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RE: (SeWeb) KAON - KArlsruhe ONtology and Semantic Web Infrastructure

From: by way of <avron@aldo.com>
Date: Wed, 09 Oct 2002 14:05:37 -0400
Message-Id: <>
To: www-rdf-interest@w3.org

[released from www-rdf-interest spam filter -rrs]

Date: Wed, 9 Oct 2002 12:30:29 -0400 (EDT)
From: Avron Barr <avron@aldo.com>
In-reply-to: <BC630F6C39BFAB4CA1B35EFA0C7F217F178092@stan.fzi.de>
To: Alexander Maedche <Maedche@fzi.de>, "John F. Sowa" <sowa@bestweb.net>
Cc: www-rdf-logic@w3.org, www-rdf-interest@w3.org, www-webont-wg@w3.org,
         seweb-list@cs.vu.nl, kaw@swi.psy.uva.nl

Re. ontology editors, from a commercial perspective

I think Alexander made two important points in his response to John Sowa
that are worth emphasizing:

1. That interoperability should be at the OWL language level.
The semantics of a statement should be clear, but the expression of a
concept should be as unconstrained as possible. (I understand that there is
some minor debate about the meaning of the word "clear.")
2. That there will likely be many ontology editors.
Naturally, most of us tend to be focused on one type of ontology work now -
building ontologies from scratch. Soon enough, many people with many
different jobs and different skill levels will be tasked with modifying,
testing, maintaining, comparing, merging, augmenting, updating, verifying,
and querying other people's ontologies (not to mention the programs and
agents that will be using these ontologies to make run-time decisions).
Different "editors" will evolve to support different people's jobs.


Avron Barr and Shirley Tessler, Principals
Aldo Ventures, Inc.
7370 Viewpoint Road, Aptos, CA  95003
831.662.2536  Fax: 831.662.2533
avron@aldo.com, tessler@aldo.com

-----Original Message-----
From: Alexander Maedche [mailto:Maedche@fzi.de]
Sent: Monday, October 07, 2002 11:16 PM
To: John F. Sowa
Cc: www-rdf-logic@w3.org; www-rdf-interest@w3.org; www-webont-wg@w3.org;
seweb-list@cs.vu.nl; kaw@swi.psy.uva.nl
Subject: AW: (SeWeb) KAON - KArlsruhe ONtology and Semantic Web

Dear all,

actually we analyzed what can be reused from
existing open source software components like
         - XML Parsers
         - RDF Parsers
         - Relational Databases
         - Application Servers
         - Ontology Editors
         - Presentation Engines

We reused the most basic and stable
components like XML parsers (Xerces),
relational databases (Postgres),
application servers (JBoss) and
presentation engines (TomCat).

With respect to existing RDF parsers we were
confronted with serious performance problems.
Thus, we implemented a new one being compliant
to the W3C specification.

With respect to ontology editors we
were confronted with the problem that
each ontology modeling tool implements
its own "specific data model", typically
focusing on a specific representation
paradigm. Thus, this results in the fact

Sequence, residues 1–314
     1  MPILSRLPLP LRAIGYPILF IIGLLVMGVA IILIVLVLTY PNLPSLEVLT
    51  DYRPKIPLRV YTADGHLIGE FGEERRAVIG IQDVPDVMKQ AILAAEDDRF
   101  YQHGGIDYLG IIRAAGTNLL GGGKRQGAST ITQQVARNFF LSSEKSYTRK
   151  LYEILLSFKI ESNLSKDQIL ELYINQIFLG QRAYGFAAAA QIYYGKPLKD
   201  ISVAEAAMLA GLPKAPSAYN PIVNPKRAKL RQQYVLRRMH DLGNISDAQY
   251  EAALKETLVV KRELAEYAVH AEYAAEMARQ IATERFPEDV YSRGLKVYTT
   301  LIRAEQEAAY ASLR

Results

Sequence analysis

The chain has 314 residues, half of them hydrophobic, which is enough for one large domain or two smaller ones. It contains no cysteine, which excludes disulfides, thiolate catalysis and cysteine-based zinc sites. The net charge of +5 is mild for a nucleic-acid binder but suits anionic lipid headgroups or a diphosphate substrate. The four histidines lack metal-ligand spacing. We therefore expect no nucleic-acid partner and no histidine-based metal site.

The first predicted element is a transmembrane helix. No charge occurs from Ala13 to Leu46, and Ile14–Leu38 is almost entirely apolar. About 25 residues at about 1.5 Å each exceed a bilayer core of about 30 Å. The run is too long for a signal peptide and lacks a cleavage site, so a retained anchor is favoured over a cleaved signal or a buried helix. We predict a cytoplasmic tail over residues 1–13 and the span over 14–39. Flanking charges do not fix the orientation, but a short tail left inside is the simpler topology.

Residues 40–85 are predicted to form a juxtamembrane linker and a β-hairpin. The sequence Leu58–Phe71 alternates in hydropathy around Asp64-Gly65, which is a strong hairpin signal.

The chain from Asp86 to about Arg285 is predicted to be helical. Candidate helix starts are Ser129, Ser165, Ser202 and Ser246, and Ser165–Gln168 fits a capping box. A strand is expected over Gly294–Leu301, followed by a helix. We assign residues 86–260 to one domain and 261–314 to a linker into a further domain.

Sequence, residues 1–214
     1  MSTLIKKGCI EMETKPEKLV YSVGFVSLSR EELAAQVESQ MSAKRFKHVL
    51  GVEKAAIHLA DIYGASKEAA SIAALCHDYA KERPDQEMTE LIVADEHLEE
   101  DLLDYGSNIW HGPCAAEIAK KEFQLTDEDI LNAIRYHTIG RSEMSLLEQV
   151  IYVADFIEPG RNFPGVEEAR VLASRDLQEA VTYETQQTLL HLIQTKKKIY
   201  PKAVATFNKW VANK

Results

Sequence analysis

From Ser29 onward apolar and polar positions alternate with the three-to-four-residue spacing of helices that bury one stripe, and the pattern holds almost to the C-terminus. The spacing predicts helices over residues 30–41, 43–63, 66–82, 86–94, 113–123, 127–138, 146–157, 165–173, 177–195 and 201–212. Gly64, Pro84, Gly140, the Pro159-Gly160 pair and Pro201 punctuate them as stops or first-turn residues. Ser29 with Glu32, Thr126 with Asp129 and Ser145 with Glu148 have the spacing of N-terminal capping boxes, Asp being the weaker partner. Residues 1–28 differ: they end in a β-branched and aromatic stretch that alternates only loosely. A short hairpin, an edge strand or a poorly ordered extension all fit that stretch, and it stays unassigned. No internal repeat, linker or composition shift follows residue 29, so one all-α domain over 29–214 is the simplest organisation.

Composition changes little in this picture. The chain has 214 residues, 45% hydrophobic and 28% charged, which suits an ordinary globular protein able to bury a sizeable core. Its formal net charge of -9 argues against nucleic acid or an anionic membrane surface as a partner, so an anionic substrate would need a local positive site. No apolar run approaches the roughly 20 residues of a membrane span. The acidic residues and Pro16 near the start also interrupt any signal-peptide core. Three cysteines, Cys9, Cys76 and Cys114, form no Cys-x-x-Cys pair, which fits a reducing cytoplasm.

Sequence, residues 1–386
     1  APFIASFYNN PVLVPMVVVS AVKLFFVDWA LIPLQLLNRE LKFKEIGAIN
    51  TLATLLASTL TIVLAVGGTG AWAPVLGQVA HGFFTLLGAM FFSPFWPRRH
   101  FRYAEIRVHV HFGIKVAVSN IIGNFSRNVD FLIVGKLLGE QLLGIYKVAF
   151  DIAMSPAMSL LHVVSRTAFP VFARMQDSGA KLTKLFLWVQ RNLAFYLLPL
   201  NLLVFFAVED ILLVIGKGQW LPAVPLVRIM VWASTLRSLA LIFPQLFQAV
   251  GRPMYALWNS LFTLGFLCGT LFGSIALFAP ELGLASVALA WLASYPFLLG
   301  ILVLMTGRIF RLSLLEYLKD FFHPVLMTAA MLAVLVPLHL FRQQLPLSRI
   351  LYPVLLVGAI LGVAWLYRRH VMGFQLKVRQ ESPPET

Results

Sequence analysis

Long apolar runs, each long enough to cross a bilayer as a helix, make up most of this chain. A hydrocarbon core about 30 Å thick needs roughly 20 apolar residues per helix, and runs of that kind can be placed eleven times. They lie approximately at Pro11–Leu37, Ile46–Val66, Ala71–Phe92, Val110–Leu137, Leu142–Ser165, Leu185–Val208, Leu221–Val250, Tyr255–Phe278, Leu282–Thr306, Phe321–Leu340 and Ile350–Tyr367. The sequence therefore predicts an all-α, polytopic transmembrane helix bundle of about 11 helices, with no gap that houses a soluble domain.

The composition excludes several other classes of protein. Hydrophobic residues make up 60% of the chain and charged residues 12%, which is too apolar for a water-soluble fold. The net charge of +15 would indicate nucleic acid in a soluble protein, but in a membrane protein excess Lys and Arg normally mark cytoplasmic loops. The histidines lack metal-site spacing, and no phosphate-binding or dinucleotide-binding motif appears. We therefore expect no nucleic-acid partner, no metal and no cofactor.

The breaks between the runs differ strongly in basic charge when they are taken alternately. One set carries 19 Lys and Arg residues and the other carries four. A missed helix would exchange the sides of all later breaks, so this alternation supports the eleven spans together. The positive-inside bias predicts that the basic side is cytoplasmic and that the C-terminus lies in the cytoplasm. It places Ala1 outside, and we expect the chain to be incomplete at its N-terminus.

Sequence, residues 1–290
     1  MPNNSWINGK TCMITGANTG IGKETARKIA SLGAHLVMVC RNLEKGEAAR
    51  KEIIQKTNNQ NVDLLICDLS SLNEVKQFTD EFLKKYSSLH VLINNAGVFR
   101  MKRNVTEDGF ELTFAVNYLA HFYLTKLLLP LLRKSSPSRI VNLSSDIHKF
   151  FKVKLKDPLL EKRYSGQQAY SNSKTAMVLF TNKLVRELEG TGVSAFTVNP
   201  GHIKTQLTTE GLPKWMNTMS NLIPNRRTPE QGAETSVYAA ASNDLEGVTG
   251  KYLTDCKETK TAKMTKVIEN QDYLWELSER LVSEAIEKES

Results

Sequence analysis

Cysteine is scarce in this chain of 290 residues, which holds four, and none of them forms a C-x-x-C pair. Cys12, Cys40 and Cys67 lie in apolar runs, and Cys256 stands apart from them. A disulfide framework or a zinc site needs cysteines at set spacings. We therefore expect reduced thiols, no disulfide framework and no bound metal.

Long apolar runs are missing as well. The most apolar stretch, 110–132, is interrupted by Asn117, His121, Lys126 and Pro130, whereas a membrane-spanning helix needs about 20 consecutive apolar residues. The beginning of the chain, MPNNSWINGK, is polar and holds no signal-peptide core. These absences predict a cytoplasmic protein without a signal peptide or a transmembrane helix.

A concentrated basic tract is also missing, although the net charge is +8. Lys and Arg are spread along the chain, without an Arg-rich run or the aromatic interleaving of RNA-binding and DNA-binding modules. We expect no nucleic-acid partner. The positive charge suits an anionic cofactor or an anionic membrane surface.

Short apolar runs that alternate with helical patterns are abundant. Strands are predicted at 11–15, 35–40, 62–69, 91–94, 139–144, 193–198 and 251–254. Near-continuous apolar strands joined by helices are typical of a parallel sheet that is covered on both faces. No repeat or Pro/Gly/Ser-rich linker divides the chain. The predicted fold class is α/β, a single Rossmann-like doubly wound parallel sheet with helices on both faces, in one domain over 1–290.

that it is impossible that one just
takes a specific tool and uses it as
a frontend for some specific backend
software. Thus, the only thing that works
is to provide import/export facilities.
In our case we provide an import tool for
Protege-based ontologies and RDFS ontologies
in general.

Personally I don't believe that in real life
there will be ONE ontology tool. Is there
one word processor, one HTML editor, one
UML editor? The biggest question however is
interoperability between these tools and that
is why the work of W3C and its working group
WebOnt is so important for the progress
of the Semantic Web.


-----Ursprüngliche Nachricht-----
Von: John F. Sowa [mailto:sowa@bestweb.net]
Gesendet: Dienstag, 8. Oktober 2002 00:09
An: Alexander Maedche
Cc: www-rdf-logic@w3.org; www-rdf-interest@w3.org; www-webont-wg@w3.org;
seweb-list@cs.vu.nl; kaw@swi.psy.uva.nl
Betreff: Re: (SeWeb) KAON - KArlsruhe ONtology and Semantic Web

I looked at the KAON web site and some of the material there, and I am happy
that it is an open-source project based on Java. But I had a question about
why KAON is independent from other open-source, Java-based projects for
ontology editing and development.

I don't want to start an argument about why one system might be better or
worse than another, especially since I am not at the moment using any of
them.  But since I am working with ontologies, I would like to consider
using some such system and/or recommending it to my colleagues.  I would
like to know why there are so many systems available that are being
developed independently by different groups.

For example, the Protege project at Stanford is also an open-source
Java-based ontology editor and development platform:


I have also looked at that system, but I have not used it either. But it is
also available as an open-source project, and I have seen demos and examples
of other development platforms that are being developed on top of various
platforms, including Java.

Why are all these groups working on independent tools for ontology instead
of collaborating to build common tools that everyone could use?

John Sowa

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Received on Wednesday, 9 October 2002 14:06:29 UTC

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